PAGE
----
- Surgical Technologist
Most of these professions require an official certificate or license of completed education in New York State, making a Mandl education very useful for those who wish to pursue it. All certificate and degree programs of study also require the student to participate in an externship, allowing them to integrate what they’ve learned in the classroom with the realities of the outside world.
The college is located in the Studio 54 building, which is well known for its other uses. It’s located right within New York City’s central systems of theater and business.
Mandl School was founded in 1924 by M.M. Mandl. At the time, there was no such thing as standardized training for health paraprofessional fields like Medical Assisting or Surgical Technologist. Mandl wanted to change that, finding that there was enough need for significant training in those fields that an institute of higher education ought to be founded in support of that goal.
Monroe College is an institute of higher education that focuses on bringing personalized care, guidance, and education to its students. It has three physical campuses located in the Bronx, New Rochelle, and St. Lucia. They also offer several programs on their online platform Monroe Online.
Indeed, they offer 20 different fully online degree programs in the Health, Criminal Justice, IT, Business, and Hospitality fields. The school also features 24/7 academic support access through a variety of means, varying from faculty to success centers.
One of the central points of interest for many students is that most of their Bachelor’s degree programs operate within a three-year framework rather than more traditional four-year ones.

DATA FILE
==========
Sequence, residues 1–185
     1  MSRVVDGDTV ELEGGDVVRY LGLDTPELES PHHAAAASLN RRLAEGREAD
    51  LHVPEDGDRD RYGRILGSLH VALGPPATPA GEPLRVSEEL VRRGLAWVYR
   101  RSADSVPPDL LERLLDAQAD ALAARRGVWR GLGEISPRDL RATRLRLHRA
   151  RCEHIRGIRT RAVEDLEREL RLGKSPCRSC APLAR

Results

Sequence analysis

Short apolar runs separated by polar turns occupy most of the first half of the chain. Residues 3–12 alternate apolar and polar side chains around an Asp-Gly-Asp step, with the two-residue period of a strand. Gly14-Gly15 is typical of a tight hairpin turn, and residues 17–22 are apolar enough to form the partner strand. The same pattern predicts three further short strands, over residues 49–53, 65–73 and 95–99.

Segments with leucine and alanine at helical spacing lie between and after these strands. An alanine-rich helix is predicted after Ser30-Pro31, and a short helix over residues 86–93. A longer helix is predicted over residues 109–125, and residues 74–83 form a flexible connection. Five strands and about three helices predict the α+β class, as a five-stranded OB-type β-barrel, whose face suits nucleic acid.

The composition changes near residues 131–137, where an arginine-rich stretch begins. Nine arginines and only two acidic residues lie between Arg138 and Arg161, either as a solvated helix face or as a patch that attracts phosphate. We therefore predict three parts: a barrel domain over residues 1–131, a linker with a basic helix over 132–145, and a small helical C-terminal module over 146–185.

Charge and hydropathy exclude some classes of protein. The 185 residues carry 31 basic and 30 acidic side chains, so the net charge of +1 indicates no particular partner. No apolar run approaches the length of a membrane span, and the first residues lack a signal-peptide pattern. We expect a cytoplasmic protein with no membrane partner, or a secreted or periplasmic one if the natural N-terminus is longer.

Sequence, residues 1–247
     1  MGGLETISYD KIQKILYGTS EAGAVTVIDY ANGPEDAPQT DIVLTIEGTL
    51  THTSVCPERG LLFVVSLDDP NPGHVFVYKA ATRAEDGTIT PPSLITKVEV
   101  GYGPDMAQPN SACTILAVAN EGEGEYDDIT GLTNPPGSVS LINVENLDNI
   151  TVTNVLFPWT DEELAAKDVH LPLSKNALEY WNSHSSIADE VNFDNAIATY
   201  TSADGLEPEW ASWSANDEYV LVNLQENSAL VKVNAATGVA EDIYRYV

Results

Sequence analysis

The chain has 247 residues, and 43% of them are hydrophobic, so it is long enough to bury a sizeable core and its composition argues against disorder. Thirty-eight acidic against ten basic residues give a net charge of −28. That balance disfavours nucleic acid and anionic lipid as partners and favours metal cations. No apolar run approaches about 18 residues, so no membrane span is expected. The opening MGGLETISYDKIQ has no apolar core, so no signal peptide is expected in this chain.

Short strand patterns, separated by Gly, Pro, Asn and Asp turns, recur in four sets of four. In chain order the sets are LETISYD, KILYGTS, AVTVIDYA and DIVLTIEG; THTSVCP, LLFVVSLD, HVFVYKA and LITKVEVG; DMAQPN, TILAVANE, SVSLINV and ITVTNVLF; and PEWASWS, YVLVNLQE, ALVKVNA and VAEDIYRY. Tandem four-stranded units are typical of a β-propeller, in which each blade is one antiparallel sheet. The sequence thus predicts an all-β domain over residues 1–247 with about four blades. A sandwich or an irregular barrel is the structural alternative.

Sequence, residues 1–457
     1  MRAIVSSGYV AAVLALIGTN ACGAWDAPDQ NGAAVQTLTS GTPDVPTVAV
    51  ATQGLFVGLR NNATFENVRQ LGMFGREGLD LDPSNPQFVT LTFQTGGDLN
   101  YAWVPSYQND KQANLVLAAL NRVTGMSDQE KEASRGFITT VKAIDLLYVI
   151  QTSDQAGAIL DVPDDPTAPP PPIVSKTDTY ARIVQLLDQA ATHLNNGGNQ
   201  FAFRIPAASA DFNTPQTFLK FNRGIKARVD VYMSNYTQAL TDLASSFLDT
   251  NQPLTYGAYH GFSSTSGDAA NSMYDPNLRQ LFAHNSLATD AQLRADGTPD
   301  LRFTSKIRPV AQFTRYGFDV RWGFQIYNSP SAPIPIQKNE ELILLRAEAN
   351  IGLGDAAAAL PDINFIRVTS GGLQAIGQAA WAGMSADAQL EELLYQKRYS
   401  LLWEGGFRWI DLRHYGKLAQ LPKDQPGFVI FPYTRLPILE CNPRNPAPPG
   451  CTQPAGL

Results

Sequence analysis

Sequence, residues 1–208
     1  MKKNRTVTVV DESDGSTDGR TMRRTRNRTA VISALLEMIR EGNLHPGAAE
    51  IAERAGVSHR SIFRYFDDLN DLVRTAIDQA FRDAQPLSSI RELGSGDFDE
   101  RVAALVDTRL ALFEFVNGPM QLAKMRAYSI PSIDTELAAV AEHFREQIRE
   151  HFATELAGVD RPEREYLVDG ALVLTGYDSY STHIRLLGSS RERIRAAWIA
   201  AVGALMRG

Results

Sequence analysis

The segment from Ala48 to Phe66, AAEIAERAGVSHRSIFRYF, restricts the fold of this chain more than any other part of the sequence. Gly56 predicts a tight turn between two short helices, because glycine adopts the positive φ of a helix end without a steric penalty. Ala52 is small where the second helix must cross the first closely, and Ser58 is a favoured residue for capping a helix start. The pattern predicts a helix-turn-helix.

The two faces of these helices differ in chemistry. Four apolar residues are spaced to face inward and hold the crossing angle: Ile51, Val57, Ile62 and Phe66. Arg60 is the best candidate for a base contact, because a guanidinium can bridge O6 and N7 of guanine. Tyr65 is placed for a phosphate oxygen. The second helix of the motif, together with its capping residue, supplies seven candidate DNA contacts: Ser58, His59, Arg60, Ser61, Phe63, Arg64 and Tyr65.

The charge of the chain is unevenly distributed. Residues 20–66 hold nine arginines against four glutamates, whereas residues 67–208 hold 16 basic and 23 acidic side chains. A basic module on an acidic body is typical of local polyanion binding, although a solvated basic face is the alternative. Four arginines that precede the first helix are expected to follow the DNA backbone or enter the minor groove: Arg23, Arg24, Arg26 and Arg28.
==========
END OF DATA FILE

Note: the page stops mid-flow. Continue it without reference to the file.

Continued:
Every year, the college gives out $27 million in grants and scholarships to students. Due in large part to this, it has been ranked #1 in U.S. News and World Report’s rankings for social mobility among colleges in the northeast.
The school was founded in 1933 by a group of teachers led by Mildred King as a school of business named after US President James Monroe. They started with only seven students and four classrooms, but after nearly a century of development, they have carved out a niche of diversity, student care, and social mobility that is unparalleled in the region.
Best HBCUs in New York, Final Thoughts
If you want to attend a Historically Black College or University in New York, you only have one choice: Medgar Evers College. And while there is room for a great deal of success and personal formation there, there are also several other colleges within the state that are predominantly Black institutions.
If you want the history of an HBCU, go with Medgar Evers. But if you just want to be in a predominantly Black environment and you’re more interested in the community service focus of the Metropolitan College of New York or the health paraprofessional skills of the Mandl School, don’t hesitate to go towards them.